It not only sounds complicated; it is. Hence, Professors Kroncke and White ask: “Does any other industry insulate buyers from sellers in this way?” and they conclude: “the only way to reform our health care system successfully is to destroy the infrastructure that sustains the four-party system. (…) Until we reduce government’s ability to surreptitiously distort the market forces that drive the health care industry, the juggernaut and other dysfunctional arrangements will continue to plague the system.”

Nation in dismay
Health care is just one crisis, besides banking, immigration, education, energy, and almost anything we look at. In theory, we have a free market system. In reality, it is heavily regulated. There is a “substantial difference” in how Americans see and interpret these problems. Some see them as result of unrestrained greed, and look for more government regulations. Others see already existing government regulations as corporate welfare and the source of our problems, and seek improvement in curbing them. Unfortunately, regardless, of which side of the issue they are on, most Americans do not understand the free market concept, and do no know socialism either. Too often, confused, sometimes they opt for more government regulations, sometimes for less, depending on other ideological prejudices.

Banking on this perplexity about untouchable and not challenged “substantial differences”, the current administration, which has a clear anti-free market, pro-socialistic leaning, has a fair shot in shifting the political system in our country, maybe forever. So far, Republicans leaders failed to challenge Democrats heads on. They do not support abandoning employment sponsored health insurance system in exchange for the free market driven individually purchased insurance. They do not recognize, or are afraid to say it aloud, that individually purchased health insurance would lower premiums, and gradually would invoke market pressure on lowering costs incurred by Medicare. With lower premiums, more Americans would be able to purchase health insurance, lowering the number of uninsured, and those depending on Medicaid. With the revival of the free market, it would be only a matter of time when seniors would ask for the option of buying out of Medicare in favor of commercially available life-cycle health insurance. All these measures combined would lower the burden, which presently Medicare and Medicaid have on Federal and states budgets; Americans would have better health care, and the country would be richer at the same time.

There is only one problem with this rosy picture; with the free market working again, health insurance companies, health service providers, and pharmaceutical companies would finally face real competition, and would need to work much harder to make a dollar. With the November election on the horizon, Republicans are torn apart between their duties to the nation and their fears of ostracizing many lobbyists and major donors.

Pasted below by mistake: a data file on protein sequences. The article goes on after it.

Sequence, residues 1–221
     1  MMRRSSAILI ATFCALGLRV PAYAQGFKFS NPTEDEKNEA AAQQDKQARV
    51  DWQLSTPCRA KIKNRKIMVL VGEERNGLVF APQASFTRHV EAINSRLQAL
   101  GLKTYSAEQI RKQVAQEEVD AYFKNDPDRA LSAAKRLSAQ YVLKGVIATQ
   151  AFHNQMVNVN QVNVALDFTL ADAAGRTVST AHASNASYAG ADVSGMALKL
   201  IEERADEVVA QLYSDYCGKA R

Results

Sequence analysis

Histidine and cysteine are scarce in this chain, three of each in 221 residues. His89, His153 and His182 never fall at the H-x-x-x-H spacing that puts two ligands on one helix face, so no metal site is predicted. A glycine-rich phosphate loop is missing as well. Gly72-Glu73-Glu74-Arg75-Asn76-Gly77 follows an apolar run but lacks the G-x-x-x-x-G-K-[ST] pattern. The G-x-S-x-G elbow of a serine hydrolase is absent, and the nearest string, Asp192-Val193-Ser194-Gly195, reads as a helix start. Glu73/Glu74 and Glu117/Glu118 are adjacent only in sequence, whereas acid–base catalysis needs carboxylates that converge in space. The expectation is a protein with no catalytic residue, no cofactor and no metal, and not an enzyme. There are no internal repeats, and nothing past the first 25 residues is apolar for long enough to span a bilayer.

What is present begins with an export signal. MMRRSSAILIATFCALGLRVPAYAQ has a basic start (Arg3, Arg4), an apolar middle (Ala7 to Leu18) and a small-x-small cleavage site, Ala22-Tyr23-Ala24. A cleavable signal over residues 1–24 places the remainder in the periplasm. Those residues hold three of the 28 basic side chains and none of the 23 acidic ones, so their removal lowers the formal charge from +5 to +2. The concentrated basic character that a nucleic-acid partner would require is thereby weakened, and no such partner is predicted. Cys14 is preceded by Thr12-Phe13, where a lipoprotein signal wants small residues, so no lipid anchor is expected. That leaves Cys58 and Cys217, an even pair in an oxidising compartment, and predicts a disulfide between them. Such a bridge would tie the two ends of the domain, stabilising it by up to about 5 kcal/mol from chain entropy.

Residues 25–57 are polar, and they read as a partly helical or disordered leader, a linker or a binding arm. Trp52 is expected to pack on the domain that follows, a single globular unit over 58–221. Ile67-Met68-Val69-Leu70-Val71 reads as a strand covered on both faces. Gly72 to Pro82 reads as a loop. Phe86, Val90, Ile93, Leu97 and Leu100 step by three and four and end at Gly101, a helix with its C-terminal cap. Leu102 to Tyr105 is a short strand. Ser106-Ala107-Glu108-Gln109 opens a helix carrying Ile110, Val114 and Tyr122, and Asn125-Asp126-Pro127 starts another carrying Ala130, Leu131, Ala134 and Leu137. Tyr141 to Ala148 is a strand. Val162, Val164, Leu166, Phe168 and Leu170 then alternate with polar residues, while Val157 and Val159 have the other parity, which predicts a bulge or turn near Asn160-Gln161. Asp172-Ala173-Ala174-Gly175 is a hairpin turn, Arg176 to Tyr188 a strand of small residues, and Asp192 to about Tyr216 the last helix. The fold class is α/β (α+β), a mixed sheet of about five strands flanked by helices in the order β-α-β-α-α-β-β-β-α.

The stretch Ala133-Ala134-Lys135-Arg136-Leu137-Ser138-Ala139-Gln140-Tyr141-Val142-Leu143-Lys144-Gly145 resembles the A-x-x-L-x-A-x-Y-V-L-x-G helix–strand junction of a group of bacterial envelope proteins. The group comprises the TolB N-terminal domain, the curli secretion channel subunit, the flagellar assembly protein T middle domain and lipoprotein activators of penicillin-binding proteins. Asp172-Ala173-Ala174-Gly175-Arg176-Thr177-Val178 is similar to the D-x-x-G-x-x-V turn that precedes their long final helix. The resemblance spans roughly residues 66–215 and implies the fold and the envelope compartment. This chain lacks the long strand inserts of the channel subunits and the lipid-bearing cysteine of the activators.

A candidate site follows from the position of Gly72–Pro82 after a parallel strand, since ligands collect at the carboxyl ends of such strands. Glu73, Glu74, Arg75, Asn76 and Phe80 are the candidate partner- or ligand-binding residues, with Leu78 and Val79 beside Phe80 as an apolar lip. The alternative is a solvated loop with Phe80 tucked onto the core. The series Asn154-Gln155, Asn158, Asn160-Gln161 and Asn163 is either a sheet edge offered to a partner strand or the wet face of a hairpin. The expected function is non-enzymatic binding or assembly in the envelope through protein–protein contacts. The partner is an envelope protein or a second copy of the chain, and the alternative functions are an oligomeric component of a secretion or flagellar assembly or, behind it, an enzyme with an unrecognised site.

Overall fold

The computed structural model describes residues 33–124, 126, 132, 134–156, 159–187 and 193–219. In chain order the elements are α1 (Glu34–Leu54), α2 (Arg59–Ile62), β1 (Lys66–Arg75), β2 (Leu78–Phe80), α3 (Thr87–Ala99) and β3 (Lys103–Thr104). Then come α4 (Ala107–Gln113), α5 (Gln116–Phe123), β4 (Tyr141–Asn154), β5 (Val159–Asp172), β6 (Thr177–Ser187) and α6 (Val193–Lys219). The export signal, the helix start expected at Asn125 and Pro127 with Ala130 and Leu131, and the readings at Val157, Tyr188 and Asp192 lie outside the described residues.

Republicans entered a risky game, as on one end, they desperately oppose the clearly socialistic health care reform proposal, and – on the other end – they avoid presenting free market based solution, which actually could solve our crisis. All due to fears of losing the coziness of their place in the existing Washington constellation. Apparently, crisis did not reach Capitol Hill yet. Republicans need a shake up by a leader of the Regan caliber. So far, they are afraid of bringing the Reagan name.

The health care reform proposed by the current administration has advanced as much as it did, because Democrats are one-step ahead in comprehending constrains that Republicans put on themselves.

A version of this text was published by Huffington Post

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About me

I was born in 1951 in Gdansk, Poland.
Since my high school years, I have interest in politics and love for writing. During my college years, I started writing to student papers and soon became a freelance author to major Polish political magazines.

In 1980 I wrote a book “Czy w Polsce może być lepiej?” (“Could it be better in Poland?” – this book is available only in Polish) analyzing major problems in Poland at the time and outlining possible solutions.

I was among those Polish political writers who by their writings contributed to the peaceful system transformation that finally took place in 1989. Since 1985, I have lived in the Chicago area. I went through the hard times typical of many immigrants. Working in the service business, I have seen the best and the worst places, I met the poorest and the richest. I have seen and experienced America not known to most of the politicians, business people, and other political writers. For eleven years, I ran my own company. Presently, I am an independent consultant.

My political writing comes out of necessity. I write when I see that the prevailing voices on the political arena are misleading or erroneous. Abstract mathematics and control theory (of complex technological processes) strongly influenced my understanding of social phenomena. In the past, my opponents rebuked my mathematical mind as cold, soulless, and inhuman. On a few occasions, I was prized for my engineer’s precision and logic.

I have a master’s degree in electronic engineering with a specialization in mathematical machines from Politechnika Gdańska (Technical University of Gdansk).